If you don't wish to use "cc" (as per your comment on Jon Hanna's answer it means something else in your native language) you can just use the verb to copy:
1.3 (copy something to) Send a copy of a letter or an email to (a third party)
‘I thought I'd copy to you this letter sent to the PR representative’
1.4 (copy someone in) Send someone a copy of an email that is addressed to a third party.
‘I attached the document and copied him in so he'd know it had been sent’
definitions from oxforddictionaries.com
I've also seen usage without the "to" or "in", and this is the usage I tend to use myself:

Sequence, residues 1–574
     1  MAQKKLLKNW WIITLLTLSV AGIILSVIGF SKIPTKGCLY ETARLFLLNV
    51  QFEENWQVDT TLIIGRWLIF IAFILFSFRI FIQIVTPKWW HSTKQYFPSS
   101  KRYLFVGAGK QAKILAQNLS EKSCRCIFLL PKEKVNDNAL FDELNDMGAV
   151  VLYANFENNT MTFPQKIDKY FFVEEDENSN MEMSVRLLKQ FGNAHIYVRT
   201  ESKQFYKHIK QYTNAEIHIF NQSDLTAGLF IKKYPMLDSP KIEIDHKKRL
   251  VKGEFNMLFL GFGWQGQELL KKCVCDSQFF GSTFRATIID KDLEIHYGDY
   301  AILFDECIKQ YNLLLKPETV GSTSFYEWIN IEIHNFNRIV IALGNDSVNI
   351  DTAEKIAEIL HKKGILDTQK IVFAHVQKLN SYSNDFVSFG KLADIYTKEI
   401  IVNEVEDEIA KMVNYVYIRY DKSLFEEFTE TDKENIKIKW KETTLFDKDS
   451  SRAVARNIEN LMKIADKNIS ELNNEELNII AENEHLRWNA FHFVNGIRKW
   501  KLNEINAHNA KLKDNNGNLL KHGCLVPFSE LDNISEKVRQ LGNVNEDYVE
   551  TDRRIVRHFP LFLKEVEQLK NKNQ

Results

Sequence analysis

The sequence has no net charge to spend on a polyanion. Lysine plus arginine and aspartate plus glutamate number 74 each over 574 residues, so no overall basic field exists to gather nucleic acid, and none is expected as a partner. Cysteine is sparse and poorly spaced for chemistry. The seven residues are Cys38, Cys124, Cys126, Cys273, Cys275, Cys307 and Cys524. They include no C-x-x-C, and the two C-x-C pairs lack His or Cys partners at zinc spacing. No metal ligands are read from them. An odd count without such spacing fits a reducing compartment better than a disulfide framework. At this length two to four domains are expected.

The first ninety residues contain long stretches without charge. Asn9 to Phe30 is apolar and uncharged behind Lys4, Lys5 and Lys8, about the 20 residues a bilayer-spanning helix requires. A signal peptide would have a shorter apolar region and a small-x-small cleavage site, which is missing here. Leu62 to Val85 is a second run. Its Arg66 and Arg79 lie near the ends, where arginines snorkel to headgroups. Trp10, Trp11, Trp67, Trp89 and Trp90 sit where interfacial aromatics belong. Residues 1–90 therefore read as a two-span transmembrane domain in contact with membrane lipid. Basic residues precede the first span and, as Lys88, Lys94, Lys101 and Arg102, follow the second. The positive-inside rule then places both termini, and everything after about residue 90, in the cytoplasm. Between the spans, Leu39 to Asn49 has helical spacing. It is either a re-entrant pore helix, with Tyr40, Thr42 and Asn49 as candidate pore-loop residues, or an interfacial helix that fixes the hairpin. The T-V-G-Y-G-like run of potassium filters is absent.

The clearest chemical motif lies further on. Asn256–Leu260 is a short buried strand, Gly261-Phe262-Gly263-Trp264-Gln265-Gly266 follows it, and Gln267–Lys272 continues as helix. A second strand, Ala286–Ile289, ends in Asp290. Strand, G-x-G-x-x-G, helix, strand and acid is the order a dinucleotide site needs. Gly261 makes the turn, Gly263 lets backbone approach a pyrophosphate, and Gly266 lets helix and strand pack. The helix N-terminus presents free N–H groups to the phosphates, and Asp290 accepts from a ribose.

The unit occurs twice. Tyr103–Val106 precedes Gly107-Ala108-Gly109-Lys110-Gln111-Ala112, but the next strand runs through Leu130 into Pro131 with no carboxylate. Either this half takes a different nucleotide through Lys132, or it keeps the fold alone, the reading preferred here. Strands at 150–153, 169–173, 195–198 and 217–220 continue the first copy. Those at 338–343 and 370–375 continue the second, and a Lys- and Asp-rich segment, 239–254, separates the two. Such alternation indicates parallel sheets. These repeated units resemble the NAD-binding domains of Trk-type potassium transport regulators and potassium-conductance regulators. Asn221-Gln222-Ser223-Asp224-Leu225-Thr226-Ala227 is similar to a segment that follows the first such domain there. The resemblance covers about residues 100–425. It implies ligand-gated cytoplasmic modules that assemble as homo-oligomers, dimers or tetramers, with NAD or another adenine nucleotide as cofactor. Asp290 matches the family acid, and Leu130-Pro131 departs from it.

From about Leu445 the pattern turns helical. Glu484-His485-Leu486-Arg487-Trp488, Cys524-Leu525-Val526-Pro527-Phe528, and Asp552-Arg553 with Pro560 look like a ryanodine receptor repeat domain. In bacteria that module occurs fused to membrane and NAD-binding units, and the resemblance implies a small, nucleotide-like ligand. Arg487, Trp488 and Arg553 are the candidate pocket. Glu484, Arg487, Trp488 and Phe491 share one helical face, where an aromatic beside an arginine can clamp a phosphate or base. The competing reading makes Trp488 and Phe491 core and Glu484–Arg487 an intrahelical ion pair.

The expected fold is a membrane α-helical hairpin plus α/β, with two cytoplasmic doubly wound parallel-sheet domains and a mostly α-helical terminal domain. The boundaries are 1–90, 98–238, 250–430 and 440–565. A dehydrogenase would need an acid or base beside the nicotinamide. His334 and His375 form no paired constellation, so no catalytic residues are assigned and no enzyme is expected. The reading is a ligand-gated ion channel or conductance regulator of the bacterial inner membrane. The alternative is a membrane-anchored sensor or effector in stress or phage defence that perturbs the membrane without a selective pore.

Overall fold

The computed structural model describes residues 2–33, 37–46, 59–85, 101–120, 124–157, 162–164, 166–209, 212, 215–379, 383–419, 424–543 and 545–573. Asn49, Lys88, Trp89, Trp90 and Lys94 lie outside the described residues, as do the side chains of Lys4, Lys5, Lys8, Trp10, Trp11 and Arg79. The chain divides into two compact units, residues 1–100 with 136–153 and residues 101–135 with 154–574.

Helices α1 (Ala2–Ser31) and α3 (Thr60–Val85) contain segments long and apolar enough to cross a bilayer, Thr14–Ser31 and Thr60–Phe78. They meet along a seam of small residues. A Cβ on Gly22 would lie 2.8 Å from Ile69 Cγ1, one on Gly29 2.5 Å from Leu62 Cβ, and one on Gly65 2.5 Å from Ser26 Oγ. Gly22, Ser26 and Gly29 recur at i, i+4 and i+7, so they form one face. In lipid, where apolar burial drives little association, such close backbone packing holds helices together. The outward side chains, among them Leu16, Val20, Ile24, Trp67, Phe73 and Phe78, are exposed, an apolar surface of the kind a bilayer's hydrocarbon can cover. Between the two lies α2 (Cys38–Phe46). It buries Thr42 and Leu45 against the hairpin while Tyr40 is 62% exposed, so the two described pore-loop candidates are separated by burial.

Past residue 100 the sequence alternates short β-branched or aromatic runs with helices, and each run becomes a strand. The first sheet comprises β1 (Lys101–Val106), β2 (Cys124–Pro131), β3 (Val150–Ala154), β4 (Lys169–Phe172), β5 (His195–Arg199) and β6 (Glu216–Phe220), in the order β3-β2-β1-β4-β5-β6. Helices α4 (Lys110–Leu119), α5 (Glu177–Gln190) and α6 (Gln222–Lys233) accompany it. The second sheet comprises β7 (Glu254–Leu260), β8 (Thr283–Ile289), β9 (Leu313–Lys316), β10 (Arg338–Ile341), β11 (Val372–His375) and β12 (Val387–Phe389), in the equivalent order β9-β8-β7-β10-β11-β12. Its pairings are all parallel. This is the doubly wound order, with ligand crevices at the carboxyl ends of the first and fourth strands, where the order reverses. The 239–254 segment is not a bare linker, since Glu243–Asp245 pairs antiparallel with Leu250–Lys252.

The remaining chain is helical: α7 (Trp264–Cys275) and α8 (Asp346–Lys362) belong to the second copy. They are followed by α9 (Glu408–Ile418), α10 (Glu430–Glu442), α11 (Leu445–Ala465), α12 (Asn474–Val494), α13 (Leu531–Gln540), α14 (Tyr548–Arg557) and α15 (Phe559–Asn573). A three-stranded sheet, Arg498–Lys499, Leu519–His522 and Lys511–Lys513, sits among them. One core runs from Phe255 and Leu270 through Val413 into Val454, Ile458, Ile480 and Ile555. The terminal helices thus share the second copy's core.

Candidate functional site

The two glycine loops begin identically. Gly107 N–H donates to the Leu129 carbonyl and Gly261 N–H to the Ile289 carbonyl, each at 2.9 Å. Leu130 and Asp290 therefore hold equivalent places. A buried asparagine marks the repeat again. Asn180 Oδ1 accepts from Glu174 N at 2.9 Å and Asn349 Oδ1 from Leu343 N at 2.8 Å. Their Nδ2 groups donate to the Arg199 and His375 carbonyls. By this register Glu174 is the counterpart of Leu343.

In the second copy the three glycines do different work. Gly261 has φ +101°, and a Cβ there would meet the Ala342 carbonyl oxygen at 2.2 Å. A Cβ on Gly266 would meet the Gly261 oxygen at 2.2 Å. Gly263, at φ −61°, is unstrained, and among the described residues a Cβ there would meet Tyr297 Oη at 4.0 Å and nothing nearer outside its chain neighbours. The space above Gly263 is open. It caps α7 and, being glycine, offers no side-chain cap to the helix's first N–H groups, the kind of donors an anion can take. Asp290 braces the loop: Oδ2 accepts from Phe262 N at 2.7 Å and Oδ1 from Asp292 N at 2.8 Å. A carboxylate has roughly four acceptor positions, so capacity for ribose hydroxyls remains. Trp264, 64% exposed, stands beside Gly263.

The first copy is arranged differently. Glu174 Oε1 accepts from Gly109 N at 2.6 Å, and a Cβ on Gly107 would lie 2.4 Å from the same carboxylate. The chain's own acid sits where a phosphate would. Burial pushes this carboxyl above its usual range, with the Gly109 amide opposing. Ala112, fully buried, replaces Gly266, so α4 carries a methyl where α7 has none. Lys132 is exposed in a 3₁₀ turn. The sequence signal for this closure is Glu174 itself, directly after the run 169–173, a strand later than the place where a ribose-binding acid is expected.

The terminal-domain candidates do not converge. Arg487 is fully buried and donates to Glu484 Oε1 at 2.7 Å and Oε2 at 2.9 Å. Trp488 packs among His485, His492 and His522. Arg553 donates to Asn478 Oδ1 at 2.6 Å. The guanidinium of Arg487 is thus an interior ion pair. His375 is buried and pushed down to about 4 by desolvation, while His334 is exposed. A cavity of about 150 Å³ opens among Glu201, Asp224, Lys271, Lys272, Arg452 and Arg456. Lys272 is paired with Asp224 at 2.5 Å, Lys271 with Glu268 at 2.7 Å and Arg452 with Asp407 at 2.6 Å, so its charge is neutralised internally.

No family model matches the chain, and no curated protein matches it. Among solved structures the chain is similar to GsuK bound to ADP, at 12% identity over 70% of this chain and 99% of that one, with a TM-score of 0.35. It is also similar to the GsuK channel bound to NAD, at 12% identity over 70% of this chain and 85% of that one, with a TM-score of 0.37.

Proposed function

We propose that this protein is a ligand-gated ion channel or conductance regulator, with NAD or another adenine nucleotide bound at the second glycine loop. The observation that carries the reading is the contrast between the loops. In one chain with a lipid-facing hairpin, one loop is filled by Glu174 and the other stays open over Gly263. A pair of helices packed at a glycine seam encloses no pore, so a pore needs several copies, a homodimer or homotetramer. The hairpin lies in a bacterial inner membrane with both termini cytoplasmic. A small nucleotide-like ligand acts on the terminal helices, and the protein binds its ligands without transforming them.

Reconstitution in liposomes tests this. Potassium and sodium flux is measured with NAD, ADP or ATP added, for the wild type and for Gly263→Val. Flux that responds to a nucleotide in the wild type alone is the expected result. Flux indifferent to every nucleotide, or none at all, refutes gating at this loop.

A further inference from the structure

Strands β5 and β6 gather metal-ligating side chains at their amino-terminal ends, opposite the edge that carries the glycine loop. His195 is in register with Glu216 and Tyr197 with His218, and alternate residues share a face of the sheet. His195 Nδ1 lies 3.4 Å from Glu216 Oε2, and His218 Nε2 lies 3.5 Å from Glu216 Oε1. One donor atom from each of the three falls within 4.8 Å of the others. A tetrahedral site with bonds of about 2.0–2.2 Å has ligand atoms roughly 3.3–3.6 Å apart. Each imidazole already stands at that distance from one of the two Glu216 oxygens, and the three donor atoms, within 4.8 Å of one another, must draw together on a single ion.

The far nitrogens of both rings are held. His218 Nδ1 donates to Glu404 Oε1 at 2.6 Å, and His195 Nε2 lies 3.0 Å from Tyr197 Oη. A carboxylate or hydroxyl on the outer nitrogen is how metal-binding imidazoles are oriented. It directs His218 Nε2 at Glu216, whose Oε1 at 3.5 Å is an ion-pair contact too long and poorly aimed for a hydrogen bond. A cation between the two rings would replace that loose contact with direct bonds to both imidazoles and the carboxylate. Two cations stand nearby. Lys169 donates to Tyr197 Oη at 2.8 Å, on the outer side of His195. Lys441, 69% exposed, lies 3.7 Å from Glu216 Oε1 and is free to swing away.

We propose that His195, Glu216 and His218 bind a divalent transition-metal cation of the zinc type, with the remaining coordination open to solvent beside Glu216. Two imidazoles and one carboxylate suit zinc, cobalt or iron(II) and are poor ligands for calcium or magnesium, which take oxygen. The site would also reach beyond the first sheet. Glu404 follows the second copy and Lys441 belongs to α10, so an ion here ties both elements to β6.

I've copied my manager as he will need to provide approval
As per Jon Hanna's second example, you can also use this parenthetically:
My manager (copied) will need to provide approval
My manager (copied in) will need to provide approval
As per MT_Head's comment you may also see "copy on", although to me it sounds more natural to use "copy in on":
I've copied my manager on this email as...
I've copied Steve in on this email because...
I would advise against including the word "carbon"; I've not seen it in common usage.